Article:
Former prime minister Gordon Brown "will remain" an MP, his office said in response to speculation that he could stand down in 2015.
Since leaving No 10 Mr Brown has combined his job as a constituency MP with acting as the UN special envoy for global education.
The New Statesman magazine reported that he would stand down from the Commons at the general election next year, but Mr Brown's office said the former Labour leader remained an MP and had "no plans to make any announcement to the contrary".
His spokesman said Mr Brown was playing an "active role" campaigning for Scotland to vote No in September's independence referendum.
Responding to the claim he would leave the Commons next year, the spokesman said: "So many people have tried to write this story on so many occasions with no facts.
"Mr Brown has just announced he is playing an active role in the referendum for United with Labour. He is giving a major speech next Tuesday and will be delivering a series of lectures on Scotland's future, the dates of which will be announced shortly.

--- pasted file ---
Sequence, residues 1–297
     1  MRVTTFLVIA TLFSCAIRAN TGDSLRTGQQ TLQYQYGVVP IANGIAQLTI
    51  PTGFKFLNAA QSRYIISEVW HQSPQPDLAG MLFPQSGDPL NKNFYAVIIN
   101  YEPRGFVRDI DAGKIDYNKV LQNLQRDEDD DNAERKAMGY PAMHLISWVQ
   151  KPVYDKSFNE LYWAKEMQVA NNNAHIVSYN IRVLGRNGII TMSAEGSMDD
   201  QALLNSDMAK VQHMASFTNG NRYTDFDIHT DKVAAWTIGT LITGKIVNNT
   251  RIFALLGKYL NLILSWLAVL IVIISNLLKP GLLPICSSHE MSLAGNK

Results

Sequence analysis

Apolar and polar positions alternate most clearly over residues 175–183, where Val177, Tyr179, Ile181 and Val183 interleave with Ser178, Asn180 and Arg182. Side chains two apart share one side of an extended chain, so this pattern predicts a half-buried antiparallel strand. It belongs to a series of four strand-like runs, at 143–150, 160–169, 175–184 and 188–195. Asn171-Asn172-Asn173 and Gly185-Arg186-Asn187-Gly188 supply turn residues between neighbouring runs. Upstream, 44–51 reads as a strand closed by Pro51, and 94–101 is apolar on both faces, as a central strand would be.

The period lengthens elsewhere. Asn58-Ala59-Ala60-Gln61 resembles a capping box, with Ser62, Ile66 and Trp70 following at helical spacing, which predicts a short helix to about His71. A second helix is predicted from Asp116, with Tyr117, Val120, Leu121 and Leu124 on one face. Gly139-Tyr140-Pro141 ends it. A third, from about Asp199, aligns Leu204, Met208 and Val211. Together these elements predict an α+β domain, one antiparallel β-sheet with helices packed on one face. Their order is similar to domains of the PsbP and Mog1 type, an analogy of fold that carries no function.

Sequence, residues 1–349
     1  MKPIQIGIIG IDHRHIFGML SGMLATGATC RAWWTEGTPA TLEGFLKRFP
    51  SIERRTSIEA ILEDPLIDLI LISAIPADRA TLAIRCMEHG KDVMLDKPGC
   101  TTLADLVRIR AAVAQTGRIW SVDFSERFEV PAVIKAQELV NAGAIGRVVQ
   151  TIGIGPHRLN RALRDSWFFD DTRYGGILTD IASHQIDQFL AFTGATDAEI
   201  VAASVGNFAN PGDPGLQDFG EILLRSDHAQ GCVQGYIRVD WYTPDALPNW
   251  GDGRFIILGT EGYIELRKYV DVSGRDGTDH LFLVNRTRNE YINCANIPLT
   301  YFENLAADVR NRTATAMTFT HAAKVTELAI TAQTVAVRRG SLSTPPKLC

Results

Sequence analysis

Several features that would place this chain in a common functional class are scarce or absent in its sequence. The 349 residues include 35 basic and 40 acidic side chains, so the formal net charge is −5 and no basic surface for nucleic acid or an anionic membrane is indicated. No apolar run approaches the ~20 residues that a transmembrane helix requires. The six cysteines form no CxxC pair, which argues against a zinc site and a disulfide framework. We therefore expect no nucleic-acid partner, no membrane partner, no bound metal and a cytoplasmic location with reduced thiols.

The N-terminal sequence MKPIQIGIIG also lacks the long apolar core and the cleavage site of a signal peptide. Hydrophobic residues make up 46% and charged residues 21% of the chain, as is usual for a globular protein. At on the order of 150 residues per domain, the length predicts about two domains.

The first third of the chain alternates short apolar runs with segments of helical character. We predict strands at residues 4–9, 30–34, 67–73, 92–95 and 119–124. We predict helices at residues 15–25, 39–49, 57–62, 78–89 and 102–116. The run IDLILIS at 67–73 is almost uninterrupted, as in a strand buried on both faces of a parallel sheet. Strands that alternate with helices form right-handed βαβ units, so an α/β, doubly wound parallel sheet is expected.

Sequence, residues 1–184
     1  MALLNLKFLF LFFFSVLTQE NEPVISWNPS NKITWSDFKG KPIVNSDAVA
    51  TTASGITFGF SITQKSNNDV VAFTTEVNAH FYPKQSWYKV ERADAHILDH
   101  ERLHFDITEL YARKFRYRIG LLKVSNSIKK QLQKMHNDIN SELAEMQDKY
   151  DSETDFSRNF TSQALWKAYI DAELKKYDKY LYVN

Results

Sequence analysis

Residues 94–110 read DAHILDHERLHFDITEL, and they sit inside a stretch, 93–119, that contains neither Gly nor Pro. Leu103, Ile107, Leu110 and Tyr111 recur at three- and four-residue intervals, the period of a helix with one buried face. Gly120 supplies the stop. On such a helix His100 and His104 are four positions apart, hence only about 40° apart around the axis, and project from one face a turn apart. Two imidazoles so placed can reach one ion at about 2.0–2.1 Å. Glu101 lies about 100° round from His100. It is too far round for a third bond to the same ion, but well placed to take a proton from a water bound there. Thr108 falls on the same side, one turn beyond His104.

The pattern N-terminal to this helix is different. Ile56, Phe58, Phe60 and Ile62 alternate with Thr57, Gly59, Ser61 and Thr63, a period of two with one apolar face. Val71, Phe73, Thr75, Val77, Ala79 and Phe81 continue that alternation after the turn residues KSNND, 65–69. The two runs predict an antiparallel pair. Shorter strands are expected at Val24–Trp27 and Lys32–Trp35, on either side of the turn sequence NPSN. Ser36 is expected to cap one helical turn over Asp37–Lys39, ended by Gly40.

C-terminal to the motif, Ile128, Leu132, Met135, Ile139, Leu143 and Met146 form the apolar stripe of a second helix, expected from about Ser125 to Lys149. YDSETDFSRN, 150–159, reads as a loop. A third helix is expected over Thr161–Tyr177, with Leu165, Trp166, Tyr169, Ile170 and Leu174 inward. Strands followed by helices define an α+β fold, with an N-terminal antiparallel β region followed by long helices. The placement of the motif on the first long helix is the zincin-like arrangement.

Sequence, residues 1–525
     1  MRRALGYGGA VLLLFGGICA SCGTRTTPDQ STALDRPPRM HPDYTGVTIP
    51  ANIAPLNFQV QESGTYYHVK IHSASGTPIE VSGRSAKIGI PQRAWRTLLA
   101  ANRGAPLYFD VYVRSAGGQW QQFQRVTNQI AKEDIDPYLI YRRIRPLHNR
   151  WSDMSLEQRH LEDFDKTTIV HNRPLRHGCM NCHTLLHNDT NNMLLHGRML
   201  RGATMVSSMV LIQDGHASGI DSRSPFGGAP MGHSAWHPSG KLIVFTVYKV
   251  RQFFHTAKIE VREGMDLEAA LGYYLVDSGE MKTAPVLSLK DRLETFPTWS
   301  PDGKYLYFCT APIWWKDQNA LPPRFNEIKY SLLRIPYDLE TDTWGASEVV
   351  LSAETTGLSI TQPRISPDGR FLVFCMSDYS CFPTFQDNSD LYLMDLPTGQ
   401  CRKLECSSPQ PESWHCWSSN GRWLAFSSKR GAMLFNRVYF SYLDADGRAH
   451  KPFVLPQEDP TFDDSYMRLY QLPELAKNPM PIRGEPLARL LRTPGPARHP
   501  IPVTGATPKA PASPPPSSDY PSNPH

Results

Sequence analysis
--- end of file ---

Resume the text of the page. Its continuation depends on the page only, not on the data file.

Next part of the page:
"He is, and will remain, Member of Parliament for Kirkcaldy and Cowdenbeath and he has no plans to make any announcement to the contrary."
Last year Mr Brown described himself as an "ex-politician".
Taking part in a panel discussion at an education summit in Qatar, Mr Brown was asked his views "as a politician", at which point he interjected "ex-politician".
He was reminded by the host - BBC presenter Mishal Husain - that he was still an MP, which he acknowledged.
Mr Brown has in the past faced criticism over the frequency of his speeches in the Commons since returning to the backbenches.
Since the 2010 general election, Mr Brown has appeared in the Commons to speak only nine times.